03 May 2021 503 Views

Protect Your Digital Self

by James Murphy

 

The internet has created an entirely new world for us to experience. Regrettably, these exciting new experiences are accompanied by equally great risks. People have learned how to exploit others by using the latest technology, requiring the need for all of us to figure out the best ways to defend ourselves and our families.

 

Here are the best practices to assist you in protecting your digital self.

How Your Personal Information is Obtained

First, a background on how hackers can use open source and free software to collect info about you. These resources are classified under the OSINT (Open Source Intelligence) category.

 

Hackers have been using carefully designed software to gather information about private citizens for years. Data providers also collect information about you which gives hackers even more ways to pry on your private information through data leaks.

Your Digital Footprint

Your digital footprint includes every message you’ve ever received, every social media posting you’ve ever posted, and every Facebook picture you’ve ever taken and uploaded.

If it’s online, it’s never ever truly gone.  Your digital footprint also includes things that you may not be aware of that you’re doing online. For example, if you let a website save your cookies and digital records, or when your IP address is saved, you are increasing your digital footprint. One way to consider your digital footprint is to classify them as “active” or “passive.”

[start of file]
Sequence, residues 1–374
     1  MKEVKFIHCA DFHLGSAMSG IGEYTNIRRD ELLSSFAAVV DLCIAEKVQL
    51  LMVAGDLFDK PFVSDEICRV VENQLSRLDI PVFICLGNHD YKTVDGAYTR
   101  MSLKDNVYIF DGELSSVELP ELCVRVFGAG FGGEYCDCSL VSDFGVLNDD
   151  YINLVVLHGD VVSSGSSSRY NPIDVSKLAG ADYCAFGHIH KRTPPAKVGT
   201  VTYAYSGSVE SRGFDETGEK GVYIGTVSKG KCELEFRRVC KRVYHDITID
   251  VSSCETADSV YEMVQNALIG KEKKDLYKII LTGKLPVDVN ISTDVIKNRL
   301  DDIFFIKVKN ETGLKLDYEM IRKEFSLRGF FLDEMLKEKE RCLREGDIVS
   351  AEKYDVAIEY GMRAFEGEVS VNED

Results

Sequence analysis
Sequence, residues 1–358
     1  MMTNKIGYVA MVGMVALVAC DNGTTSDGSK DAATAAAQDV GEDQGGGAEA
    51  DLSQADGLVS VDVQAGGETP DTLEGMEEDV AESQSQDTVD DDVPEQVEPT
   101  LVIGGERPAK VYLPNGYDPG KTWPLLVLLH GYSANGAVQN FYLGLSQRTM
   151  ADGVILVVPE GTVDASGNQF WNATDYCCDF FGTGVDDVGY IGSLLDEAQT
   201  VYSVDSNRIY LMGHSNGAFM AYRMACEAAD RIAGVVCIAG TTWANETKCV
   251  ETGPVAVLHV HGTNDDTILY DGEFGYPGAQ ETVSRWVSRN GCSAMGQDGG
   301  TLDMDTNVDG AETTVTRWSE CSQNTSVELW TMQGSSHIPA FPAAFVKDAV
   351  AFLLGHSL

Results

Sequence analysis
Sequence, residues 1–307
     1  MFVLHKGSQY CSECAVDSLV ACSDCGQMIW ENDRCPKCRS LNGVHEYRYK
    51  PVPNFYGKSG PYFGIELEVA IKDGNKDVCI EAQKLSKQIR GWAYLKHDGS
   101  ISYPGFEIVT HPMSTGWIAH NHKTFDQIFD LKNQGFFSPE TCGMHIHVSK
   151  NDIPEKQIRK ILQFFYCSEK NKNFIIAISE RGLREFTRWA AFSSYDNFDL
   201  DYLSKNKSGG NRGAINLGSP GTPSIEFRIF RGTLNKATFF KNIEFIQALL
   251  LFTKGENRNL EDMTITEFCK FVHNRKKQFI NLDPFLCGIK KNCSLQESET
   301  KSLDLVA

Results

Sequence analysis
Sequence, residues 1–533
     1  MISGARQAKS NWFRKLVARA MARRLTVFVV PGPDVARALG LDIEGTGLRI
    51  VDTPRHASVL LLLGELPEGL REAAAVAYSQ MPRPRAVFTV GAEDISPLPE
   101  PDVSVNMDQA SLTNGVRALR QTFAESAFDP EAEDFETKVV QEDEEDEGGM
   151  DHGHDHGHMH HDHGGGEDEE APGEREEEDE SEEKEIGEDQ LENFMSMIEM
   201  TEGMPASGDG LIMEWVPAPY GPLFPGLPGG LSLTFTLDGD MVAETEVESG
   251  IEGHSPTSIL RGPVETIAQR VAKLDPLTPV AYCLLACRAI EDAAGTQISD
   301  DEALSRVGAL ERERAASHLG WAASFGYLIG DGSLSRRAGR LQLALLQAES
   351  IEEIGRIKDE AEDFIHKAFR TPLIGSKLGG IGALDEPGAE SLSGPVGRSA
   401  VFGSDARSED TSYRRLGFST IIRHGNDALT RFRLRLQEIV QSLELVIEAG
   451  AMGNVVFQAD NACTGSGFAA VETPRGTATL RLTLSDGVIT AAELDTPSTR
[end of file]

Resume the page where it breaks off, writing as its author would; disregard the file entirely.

• Passive footprints are those that you leave without meaning to or, in some situations, really noticing. Websites that gather statistics about how many times you have visited, for example, are “passively” contributing to your digital footprint.

 

  • The footprints you leave as you make conscious decisions on the Internet are known as “active” footprints. Posts on your own social media platforms are a well-known form of active footprint.

 

Set up two-factor authentication in accounts that support it, or use an additional app

In a nutshell, two-factor authentication means that you provide an additional layer of encryption to your data. For instance, once you log in to your bank account, you must validate it with your cell phone by entering a text or a code sent to you.

Be vigilant when making online purchases

Learn how to spot a scam. Generally, any deal that seems too good to be true is most likely a scam. This is particularly true when it comes to luxury or electronic products such as laptops, smartphones, and watches.

Learn how to conduct online identity checks on suspected individuals

Identity verification is valuable in circumstances such as online dating, a potential employer, or before meeting someone you met online. It can also be helpful if you suspect an individual is abusing your digital identity. Nuwber can help with this.

Set your social media pages as private unless you are a public official

Most of the popular social media sites allow you to make your profile private. Only the people you explicitly choose can see the content you post.

Keep your gadgets up to date and anti-virus apps installed

Companies are often at odds with anti-virus companies who create malware or search for security breaches. It is important to keep your gadgets up to date, this ensures that you have the latest updates to avoid any data leaks.